This law is the single biggest barrier to competitive elections in RI. It effectively ensures that any third party must spend resources on either the race for governor or the race for president of the United States (and win at least 5% of the vote), and collect a total number of signatures that equals 5% of one of those races.
This is our 5% threshold for ballot access, and while 5% seems like just a small amount of the vote to win, it’s actually quite a feat. Since the 1990s, only two parties have actually used this route to establish themselves as a party; the Moderate Party in the leadup to the 2010 gubernatorial election, and Americans Elect in the leadup to the to the 2012 presidential election (Americans Elect disbanded before the election). Three parties have been established using the similar § 17-12-15, which allows an independent candidate to establish a party after winning 5%, to establish themselves: the Cool Moose Party in 1994 after Bob Healey won 9.08% of the vote for governor, the Reform Party in 1996 after Ross Perot won 11.20% of the vote for president, and the Green Party in 2000 after Ralph Nader won 6.12% of the vote for president.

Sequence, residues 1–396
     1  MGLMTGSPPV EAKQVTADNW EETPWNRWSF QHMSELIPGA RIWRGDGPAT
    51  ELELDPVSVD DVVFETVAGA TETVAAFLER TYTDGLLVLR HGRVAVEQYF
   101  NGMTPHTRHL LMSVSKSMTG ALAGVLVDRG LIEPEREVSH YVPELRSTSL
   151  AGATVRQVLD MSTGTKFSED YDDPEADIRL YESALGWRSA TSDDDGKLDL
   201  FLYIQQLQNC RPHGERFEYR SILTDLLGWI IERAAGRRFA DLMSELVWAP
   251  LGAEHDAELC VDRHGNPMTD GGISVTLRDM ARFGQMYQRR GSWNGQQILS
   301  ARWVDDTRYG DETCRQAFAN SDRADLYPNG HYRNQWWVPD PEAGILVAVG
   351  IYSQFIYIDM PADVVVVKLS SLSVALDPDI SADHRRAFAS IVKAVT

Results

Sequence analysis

None of these parties kept their ballot line in their next election, except for the Moderate Party which managed to survive thanks to a combination of the nearly-memeified Healey replacing their nominee at the last moment and the unpopularity of the two major party nominees (and also a questionable intervention by the State Board of Elections to allow Healey on the ballot).
Down ballot, as best I can tell, only three people have ever been elected on a third party line in the state: two Cool Moose Party town councilors in Hopkinton in 1996 and David Segal to Providence City Council as a Green in 2002. Tony Jones (usually a Libertarian) served as the Moderate Party’s sole ever officeholder, after a resignation elevated him to North Kingstown School Committee.
So what does all this tell us? That creating and maintaining a formal party is incredibly difficult. The 5% threshold is deceptively low. Certainly, it’s not insurmountable, but it’s also not sustainable. §17-1-2(9) forces any potential third party into a race it is unlikely to have a realistic of chance of winning; that of governor or president. It means a third party can’t do the work of building up its bench by starting small in local races or attempting to bring a third force to the General Assembly, they have to go for a big race to keep their status. This is virtually a guarantee that no party other than the Republicans or Democrats (who have a national campaign infrastructure) will last more than a few cycles.